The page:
Two major online brokerages are facing selling pressure Tuesday after reporting mixed earnings results.
TD Ameritrade said second-quarter profit fell 18% from the year-ago period and warned full-year results would be lower than its previous forecast, hurt by reduced trading volume and weaker commissions. Charles Schwab , meanwhile, reported that its biggest asset growth in more than five years sparked a 12% profit gain.
TD Ameritrade said net income for the quarter ended March 31 fell to $141.1 million, or 23 cents a share, from $172.8 million, or 30 cents a share a year before. Revenues rose to $525 million from $497 million in the year-ago period. The Thomson Financial consensus was for a profit of 24 cents a share, with revenues of $534 million.
In the fiscal second quarter of last year, the brokerage, formed last year when Ameritrade Holding bought TD Waterhouse USA from Toronto-Dominion Bank
TD Ameritrade expects earnings of 92 cents a share to $1.08 a share for the fiscal year ending in September. The midpoint of the company's prior expected earnings range was $1.10 a share. Analysts have on average expected full year earnings of $1.09, according to Reuters Estimates.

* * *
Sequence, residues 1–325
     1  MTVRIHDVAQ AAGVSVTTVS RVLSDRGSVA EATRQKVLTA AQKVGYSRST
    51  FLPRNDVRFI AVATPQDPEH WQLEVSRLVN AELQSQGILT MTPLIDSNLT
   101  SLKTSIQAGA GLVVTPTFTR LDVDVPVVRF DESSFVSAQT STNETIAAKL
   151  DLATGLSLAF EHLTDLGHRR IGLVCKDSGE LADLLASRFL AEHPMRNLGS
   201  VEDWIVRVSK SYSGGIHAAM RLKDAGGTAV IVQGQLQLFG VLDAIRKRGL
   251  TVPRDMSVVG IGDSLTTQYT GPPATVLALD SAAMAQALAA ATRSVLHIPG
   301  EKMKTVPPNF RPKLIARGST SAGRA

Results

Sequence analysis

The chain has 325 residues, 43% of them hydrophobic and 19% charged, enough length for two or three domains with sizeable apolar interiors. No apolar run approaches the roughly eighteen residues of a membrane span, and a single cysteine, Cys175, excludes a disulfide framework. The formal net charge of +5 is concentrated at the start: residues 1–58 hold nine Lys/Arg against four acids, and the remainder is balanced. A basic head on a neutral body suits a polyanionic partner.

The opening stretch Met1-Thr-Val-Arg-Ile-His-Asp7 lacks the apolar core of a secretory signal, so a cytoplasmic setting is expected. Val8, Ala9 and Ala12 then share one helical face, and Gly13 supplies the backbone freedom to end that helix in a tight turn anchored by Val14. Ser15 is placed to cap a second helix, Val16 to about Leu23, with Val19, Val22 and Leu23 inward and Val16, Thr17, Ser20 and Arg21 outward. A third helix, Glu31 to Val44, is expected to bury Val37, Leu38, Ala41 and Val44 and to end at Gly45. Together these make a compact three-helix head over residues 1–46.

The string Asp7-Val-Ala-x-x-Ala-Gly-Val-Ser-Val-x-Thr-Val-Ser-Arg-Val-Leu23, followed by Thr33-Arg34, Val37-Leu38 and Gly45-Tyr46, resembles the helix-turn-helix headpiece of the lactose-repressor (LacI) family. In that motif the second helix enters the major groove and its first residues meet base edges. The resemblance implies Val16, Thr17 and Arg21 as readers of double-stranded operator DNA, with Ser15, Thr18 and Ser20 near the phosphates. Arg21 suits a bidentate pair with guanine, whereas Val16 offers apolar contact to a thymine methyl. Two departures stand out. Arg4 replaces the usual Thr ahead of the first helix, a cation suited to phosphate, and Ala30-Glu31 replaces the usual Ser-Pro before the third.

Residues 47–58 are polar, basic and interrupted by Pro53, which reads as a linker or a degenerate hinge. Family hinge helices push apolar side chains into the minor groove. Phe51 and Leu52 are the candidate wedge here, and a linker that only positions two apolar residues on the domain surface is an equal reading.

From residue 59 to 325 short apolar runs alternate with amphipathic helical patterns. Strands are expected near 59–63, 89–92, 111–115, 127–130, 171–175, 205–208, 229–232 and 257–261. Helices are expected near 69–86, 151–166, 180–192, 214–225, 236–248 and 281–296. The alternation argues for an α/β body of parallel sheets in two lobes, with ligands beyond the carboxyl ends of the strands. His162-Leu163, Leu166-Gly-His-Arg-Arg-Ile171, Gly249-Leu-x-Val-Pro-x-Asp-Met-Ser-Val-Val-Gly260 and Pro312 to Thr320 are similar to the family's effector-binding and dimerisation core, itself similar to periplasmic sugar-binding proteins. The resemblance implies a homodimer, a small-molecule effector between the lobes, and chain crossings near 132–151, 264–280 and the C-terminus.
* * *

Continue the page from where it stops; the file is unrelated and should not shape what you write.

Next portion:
From the end of December through Monday, shares of TD Ameritrade had risen 4.26%, exceeding the 2.7% increase in the Amex Securities Broker-Dealer Index. But shares of TD Ameritrade appear to be erasing their gains for the year.
Rival Charles Schwab said first-quarter profit rose 12% as an influx of customer deposits helped the discount broker overcome recent market turbulence. Shares were largely flat early Tuesday.
The company said it earned $273 million, or 22 cents a share, for the three months of the year. That compared with net income of $243 million, or 19 cents a share, at the same time last year. The earnings matched the average estimate among analysts surveyed by Thomson Financial. Revenue for the period totaled $1.15 billion, a 9% improvement from $1.05 billion last year.
Schwab's new and existing customers added $33.5 billion to their accounts during the quarter, the most money to flow into the brokerage in a three-month stretch since the tail end of the dot-com trading frenzy during the third quarter of 2000. As more money pours in, Schwab has more opportunities to make money off account management fees and favorable spreads on interest rates.
As of March 31, Schwab's customer balances had swelled to a record $1.31 trillion, up 16% from a year ago. The gain included an additional $17.8 billion in customer balances picked up as part of Schwab's acquisition of a 401(k) management company.
The latest performance extended a recent stretch of robust earnings growth orchestrated by company founder Charles Schwab, who returned as chief executive in mid-2004 with the brokerage mired in a deep funk. Schwab steered the brokerage to its first $1 billion annual profit last year.